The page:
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Physical vs. Legal Child Custody in California

Posted by Furman & Zavatsky | Mar 02, 2019

In Los Angeles County California family law courts, parents have to create a parenting time and visitation plan for their children when they make the decision to separate or divorce. Parents should make every effort to negotiate this type of critical plan themselves before they take the child custody issue in front of the judge. It can't be overstated the importance that parents attempt to make these custody decisions themselves as they will be required to attend mediation if they can't make an agreement on their own.

Physical vs. Legal Child Custody in California

During mediation sessions, a third-party mediator will help the parents communicate with each in an effort to effectively work together to create a plan for sharing time with their kids. In cases where this mediation fails to reach an agreement, then the child custody issue will be litigated by the court.

Whether it's the family court judge or the parents who make the final decisions on the life-altering issue of parenting time with their children, it's critically important that parents have a clear and thorough understanding of the difference between legal custody and physical custody in the state of California.

In the end, decisions will have to be made on both of these types of child custody and the choices made at this stage will have a dramatic impact on the long-term relationship between the parent and their children. Any parent who is requesting full child custody in California has to be prepared to submit convincing evidence to the family court.

Our highly experienced Los Angeles divorce and family law attorneys at Furman & Zavatsky LLP can assist you in creating a parenting and visitation time plan while proving you with important information about the differences between California legal vs. physical custody. Let's take a closer at these terms below and explain exactly what they mean.

What is Legal Custody?

For couples with children, the most important issue to resolve in a divorce will almost always be custody of the children. Child custody is a term that refers to two separate and distinct legal rights as a parent: the right to make legal decisions about the child's welfare (legal custody) and the right to spend time with their child (physical custody).

In simple terms, “legal custody” refers to a parent's authority to make decisions about critical aspects of their child's life. This includes their housing, education, religion, medical and dental treatments, among others. If a parent has legal custody, it basically gives them power to make most important decisions in their child's life.

However, Los Angeles County family courts normally prefer to award joint legal custody if possible. Joint legal custody simply means both parents will share the legal right to make the important decisions in their child's life described above.  In situations where both parents share legal custody of their children, they need to negotiate on decisions in an attempt to do what is in their child's best interest.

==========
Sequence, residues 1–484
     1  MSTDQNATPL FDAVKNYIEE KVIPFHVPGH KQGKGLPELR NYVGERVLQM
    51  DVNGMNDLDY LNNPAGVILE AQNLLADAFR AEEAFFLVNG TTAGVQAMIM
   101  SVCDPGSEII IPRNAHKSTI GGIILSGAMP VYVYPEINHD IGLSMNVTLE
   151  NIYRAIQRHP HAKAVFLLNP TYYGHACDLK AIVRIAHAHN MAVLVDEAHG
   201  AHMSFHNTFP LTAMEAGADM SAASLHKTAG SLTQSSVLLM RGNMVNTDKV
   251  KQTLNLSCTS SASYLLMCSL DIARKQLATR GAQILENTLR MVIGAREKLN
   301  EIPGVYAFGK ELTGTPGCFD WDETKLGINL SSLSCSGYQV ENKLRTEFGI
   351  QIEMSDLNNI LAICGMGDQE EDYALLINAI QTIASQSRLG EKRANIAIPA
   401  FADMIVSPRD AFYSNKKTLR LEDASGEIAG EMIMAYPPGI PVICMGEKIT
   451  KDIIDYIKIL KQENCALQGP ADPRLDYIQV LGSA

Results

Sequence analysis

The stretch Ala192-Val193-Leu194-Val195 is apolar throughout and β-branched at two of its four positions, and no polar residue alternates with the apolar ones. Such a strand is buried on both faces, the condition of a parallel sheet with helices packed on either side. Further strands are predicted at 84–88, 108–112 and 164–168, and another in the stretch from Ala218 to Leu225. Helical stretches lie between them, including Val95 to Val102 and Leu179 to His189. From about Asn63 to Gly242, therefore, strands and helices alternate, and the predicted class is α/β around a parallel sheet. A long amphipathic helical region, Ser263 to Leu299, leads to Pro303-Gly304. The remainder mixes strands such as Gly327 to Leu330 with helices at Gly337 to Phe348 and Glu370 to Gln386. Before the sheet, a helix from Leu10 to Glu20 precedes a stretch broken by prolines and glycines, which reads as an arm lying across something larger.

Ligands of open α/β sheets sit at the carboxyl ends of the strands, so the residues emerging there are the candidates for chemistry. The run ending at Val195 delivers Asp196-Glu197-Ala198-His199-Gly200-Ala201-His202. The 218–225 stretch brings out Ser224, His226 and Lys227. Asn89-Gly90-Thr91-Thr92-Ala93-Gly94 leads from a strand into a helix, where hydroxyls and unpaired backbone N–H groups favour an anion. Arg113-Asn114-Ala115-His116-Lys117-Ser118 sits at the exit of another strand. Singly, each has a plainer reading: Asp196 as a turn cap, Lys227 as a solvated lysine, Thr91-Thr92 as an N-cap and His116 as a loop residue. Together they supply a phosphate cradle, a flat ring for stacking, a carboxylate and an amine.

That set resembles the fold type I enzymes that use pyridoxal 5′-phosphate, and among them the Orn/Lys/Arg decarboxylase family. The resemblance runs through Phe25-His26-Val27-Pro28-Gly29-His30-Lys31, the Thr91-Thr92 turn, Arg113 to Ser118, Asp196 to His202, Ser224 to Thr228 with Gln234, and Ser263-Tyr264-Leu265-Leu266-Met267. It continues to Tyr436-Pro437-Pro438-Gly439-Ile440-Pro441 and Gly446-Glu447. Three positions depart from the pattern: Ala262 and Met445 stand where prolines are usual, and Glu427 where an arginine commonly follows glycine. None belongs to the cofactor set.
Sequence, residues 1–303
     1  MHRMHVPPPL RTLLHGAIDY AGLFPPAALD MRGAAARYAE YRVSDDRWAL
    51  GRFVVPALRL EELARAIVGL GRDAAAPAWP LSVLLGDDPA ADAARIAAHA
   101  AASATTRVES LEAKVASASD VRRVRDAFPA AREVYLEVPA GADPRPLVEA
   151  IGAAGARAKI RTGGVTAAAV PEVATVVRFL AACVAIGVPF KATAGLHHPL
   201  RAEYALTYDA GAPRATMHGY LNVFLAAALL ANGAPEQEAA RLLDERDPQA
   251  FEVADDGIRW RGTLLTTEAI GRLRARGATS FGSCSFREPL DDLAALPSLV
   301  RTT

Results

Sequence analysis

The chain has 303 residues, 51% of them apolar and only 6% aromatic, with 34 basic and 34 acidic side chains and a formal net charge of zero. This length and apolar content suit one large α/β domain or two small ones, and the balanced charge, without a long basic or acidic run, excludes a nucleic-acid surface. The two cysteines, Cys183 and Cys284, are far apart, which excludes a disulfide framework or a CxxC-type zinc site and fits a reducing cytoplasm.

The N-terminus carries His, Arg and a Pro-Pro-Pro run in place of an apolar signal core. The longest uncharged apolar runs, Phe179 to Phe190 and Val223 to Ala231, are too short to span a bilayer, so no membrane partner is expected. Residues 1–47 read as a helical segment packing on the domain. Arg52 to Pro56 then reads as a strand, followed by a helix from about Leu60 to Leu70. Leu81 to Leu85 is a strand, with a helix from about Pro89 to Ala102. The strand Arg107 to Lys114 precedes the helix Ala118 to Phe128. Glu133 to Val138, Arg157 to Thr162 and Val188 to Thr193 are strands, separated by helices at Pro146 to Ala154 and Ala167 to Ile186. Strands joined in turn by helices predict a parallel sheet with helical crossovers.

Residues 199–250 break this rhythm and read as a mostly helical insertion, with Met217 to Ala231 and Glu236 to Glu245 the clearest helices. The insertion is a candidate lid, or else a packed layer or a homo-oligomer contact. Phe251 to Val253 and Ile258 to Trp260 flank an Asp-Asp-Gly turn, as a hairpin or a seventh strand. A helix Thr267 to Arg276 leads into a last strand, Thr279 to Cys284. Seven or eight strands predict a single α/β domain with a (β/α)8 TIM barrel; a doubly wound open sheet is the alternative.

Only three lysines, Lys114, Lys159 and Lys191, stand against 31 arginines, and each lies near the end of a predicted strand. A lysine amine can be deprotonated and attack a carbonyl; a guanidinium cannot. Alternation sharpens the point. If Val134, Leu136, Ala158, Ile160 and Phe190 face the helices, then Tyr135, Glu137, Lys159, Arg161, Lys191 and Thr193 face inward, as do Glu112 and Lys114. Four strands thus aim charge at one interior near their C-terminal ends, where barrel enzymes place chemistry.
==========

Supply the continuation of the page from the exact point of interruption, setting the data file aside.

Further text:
While it's not required that parents have to always consult with each other before making an important decision, if something goes wrong without consulting with the other parent, there could be adverse custody decisions made by the court.

If a parent is awarded sole legal custody, they will have all the decision making powers.  A family court judge will typically award sole legal custody in situations where one parent has demonstrated they are unfit to make decisions or they are not present their child's life.

What is Physical Custody?

Physical custody authorizes a parent to be a present figure in their child's life. It gives them the right to spend time with them, Children will typically live with the parent who is granted physical custody. If cases where both parents share physical custody, the child could then split time living in each home.

Los Angeles County family courts normally prefer that both parents share joint physical custody of their children. In this way, it's much easier for both parents to stay in constant contact with their kids. In situations of shared joint physical custody, each parent will possess the legal right to be physically present in the life of their children, but it doesn't mean this time has to be split equally.

In most cases, one parent will be the primary custodial parent, meaning the child's living situation is the minimal disruption to their child's life, such as in cases where one parent lives in the desired school district.

However, there are cases where one parent will not be considered fit enough to take care of their children. For example, one parent might live too far way and unable to be a constant presence in their child's life.  Therefore, the family court judge could decide awarding sole physical custody to one parent is in the child's best interest.

If sole physical custody is given to one parent, it doesn't mean the non-custodial parent has no legal rights to spend time with the children. Rather, they could be granted visitation rights that could be supervised or unsupervised, depending on any perceived risks to the child. In most cases, if a parent doesn't have physical custody, they will be ordered to pay child support.